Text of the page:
Those who have not studied the subject will be surprised to learn how strong the movement for spelling reform has been on both sides of the Atlantic, what great statesmen and writers supported it, how many books and journals promoted the reform. (I’ll mention only two books: English Spelling and Spelling Reform by Thomas Lounsbury, 1909, and Regularized English by Axel Wijk, 1959.) All the arguments against the reform are easy to refute. The opponents were horrified. If we begin to spell sea and see alike, how shall we know the difference between them? And what happens when we hear them? Just see what a sea of trouble we are in for. Countless other homographs do not seem to bother anyone. The sentence—When he walked into the hall, the musicians were bowing—is a joke made up for the purpose (playing away or making bows after the concert?). The same holds for Oxford is a whole and must be treated as a whole (allegedly pronounced by someone and viciously misconstrued: hole for whole). Aural and visual puns make life richer, not more miserable, while writing whole with initial w, a letter to which no sound has ever corresponded in this word, is an affront to intelligence. Conservative spellers were aghast. If we change traditional rules, we will lose our ties with history. Who needs those ties in spelling? And what period of history? The Elizabethan epoch, Middle English, Old English, Proto-Germanic, or even Proto-Indo-European? The protoforms of one and five must have sounded approximately like oinos and penkwe. Should we still count from oinos to penkwe? Or is King Alfred old enough for us? Then from ahn to feev (or feef). Steady, ready, go! And to be shure, the sky will fall if we replace telephone with telefone (compare the idiocy of phantom versus fantasy), six with siks, and quick with kwi(c)k. Italians may have their cominciare and even comunista. What do they know about Latin? We’ll never ever let those commies take away the second m from commence, communist, and their kin.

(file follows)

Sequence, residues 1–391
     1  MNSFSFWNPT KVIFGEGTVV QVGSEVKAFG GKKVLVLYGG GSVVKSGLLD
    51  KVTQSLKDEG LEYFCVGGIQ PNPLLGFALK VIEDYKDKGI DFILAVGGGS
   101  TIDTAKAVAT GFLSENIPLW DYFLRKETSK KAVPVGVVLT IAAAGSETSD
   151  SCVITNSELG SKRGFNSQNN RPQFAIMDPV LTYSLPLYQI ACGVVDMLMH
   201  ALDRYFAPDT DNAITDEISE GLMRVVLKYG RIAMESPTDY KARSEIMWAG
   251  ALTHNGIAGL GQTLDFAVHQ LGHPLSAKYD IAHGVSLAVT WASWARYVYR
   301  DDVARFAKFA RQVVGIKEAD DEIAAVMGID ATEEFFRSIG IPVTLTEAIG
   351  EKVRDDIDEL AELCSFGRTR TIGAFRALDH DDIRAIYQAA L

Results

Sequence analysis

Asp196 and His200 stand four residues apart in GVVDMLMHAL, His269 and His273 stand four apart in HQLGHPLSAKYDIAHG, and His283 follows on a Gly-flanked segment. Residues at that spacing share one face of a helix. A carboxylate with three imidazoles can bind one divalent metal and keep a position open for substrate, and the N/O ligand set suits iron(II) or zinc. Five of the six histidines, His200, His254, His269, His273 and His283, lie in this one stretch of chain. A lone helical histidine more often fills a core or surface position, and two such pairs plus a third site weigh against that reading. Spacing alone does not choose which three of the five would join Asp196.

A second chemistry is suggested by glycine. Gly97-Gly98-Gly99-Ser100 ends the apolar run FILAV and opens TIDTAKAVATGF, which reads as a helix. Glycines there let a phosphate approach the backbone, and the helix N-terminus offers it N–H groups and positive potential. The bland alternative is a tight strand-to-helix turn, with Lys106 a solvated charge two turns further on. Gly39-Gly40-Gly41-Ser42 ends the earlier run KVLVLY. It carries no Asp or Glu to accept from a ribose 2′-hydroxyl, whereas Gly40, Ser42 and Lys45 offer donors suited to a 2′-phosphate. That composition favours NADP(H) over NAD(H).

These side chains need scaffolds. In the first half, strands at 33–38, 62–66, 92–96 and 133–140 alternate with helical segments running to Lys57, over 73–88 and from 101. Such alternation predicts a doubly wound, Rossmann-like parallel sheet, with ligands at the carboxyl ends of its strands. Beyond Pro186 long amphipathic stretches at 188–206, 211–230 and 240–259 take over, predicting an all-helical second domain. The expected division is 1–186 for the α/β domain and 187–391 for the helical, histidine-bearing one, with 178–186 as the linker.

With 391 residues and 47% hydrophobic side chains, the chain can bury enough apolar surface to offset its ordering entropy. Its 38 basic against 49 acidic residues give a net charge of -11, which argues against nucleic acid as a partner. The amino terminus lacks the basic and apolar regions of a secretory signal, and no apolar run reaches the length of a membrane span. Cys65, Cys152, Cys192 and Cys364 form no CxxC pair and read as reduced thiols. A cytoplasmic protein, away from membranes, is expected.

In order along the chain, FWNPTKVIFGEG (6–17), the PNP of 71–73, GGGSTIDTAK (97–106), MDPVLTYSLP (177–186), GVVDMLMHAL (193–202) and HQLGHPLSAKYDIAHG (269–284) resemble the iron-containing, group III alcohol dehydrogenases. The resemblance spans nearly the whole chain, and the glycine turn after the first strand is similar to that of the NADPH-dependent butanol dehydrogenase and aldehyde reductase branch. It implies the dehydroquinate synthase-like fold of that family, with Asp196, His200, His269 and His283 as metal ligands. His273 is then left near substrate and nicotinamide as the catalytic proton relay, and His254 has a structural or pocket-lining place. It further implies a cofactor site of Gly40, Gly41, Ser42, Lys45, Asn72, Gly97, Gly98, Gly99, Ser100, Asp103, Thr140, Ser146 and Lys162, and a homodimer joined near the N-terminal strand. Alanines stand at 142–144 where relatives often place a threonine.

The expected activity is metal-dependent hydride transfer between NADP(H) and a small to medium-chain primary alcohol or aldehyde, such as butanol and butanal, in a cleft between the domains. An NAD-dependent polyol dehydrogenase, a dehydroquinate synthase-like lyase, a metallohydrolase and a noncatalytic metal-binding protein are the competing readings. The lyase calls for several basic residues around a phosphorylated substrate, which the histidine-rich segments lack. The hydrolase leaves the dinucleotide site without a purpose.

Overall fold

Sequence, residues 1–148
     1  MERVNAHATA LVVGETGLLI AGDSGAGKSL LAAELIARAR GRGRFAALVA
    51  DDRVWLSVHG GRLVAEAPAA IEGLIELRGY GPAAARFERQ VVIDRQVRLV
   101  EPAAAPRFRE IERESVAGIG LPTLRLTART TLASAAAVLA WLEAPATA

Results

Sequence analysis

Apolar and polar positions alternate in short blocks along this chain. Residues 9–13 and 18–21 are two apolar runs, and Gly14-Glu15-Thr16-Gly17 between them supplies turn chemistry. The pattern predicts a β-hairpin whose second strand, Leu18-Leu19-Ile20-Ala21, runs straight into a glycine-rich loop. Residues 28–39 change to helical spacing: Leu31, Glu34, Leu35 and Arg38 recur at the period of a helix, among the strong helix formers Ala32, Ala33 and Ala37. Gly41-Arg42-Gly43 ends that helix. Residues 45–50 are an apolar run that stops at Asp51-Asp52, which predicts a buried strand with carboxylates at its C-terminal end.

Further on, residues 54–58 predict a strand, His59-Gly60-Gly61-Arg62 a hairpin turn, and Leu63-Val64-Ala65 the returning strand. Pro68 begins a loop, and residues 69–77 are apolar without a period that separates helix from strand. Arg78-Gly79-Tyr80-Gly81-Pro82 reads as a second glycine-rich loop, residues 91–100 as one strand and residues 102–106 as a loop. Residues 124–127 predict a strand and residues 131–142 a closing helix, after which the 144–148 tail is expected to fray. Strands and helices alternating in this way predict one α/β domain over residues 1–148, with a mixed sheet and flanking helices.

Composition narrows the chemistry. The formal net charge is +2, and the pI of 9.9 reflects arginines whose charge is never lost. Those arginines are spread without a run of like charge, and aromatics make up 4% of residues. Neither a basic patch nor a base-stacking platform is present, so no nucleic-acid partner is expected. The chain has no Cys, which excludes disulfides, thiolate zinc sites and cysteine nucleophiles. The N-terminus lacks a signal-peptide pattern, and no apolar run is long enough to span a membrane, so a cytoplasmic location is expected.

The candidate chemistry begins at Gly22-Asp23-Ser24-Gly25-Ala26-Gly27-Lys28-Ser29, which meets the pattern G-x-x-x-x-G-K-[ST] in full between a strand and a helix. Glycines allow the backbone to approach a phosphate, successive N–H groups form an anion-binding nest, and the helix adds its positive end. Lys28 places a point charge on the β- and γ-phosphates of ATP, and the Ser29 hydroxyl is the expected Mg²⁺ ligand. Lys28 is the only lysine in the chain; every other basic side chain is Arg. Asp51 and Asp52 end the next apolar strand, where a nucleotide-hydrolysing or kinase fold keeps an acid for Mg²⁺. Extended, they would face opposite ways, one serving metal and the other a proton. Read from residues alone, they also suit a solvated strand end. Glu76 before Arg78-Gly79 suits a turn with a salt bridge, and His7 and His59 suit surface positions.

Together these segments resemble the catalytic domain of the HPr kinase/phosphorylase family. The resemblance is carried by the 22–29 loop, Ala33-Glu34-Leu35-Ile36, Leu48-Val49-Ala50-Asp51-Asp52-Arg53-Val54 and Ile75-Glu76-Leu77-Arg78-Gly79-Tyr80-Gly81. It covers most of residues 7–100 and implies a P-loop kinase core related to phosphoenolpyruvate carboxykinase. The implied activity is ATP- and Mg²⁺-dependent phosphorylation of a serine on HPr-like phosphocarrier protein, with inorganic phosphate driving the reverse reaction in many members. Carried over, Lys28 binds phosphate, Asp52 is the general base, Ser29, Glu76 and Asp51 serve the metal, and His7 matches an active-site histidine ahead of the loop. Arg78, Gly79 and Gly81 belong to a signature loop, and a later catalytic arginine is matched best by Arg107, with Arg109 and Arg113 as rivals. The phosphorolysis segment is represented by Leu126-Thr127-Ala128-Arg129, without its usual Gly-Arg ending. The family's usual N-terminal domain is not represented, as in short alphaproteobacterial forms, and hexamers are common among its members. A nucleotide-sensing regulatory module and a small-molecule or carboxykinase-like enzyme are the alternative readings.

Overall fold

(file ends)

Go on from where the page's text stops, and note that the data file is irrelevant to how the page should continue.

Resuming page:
Other countries have had successful spelling reforms, even sweeping reforms (thus Russia after the 1917 revolution, though the project was prepared before the Bolshevik takeover). Only one reason stands in the way of change: the attitude of those who do not want to adjust to new conditions. They spent years acquiring (akwiring) a useless skill (skil) and will die rather than lose it. Imagine having an eg for brekfast and shuger in wun’s tee! No and again no. Give us an omelet and coffee for lunch. We constantly hope for change and give everybody and everything a chance, even a second chance if need be, but the line must be drawn somewhere, and we have drawn it at spelling. So what about the future of spelling reform in the English speaking world? The reform has no future. Long live the spellchecker!
Anatoly Liberman is the author of Word Origins…And How We Know Them. His column on word origins, The Oxford Etymologist, appears here each Wednesday. Send your etymology question to email@example.com; he’ll do his best to avoid responding with “origin unknown.”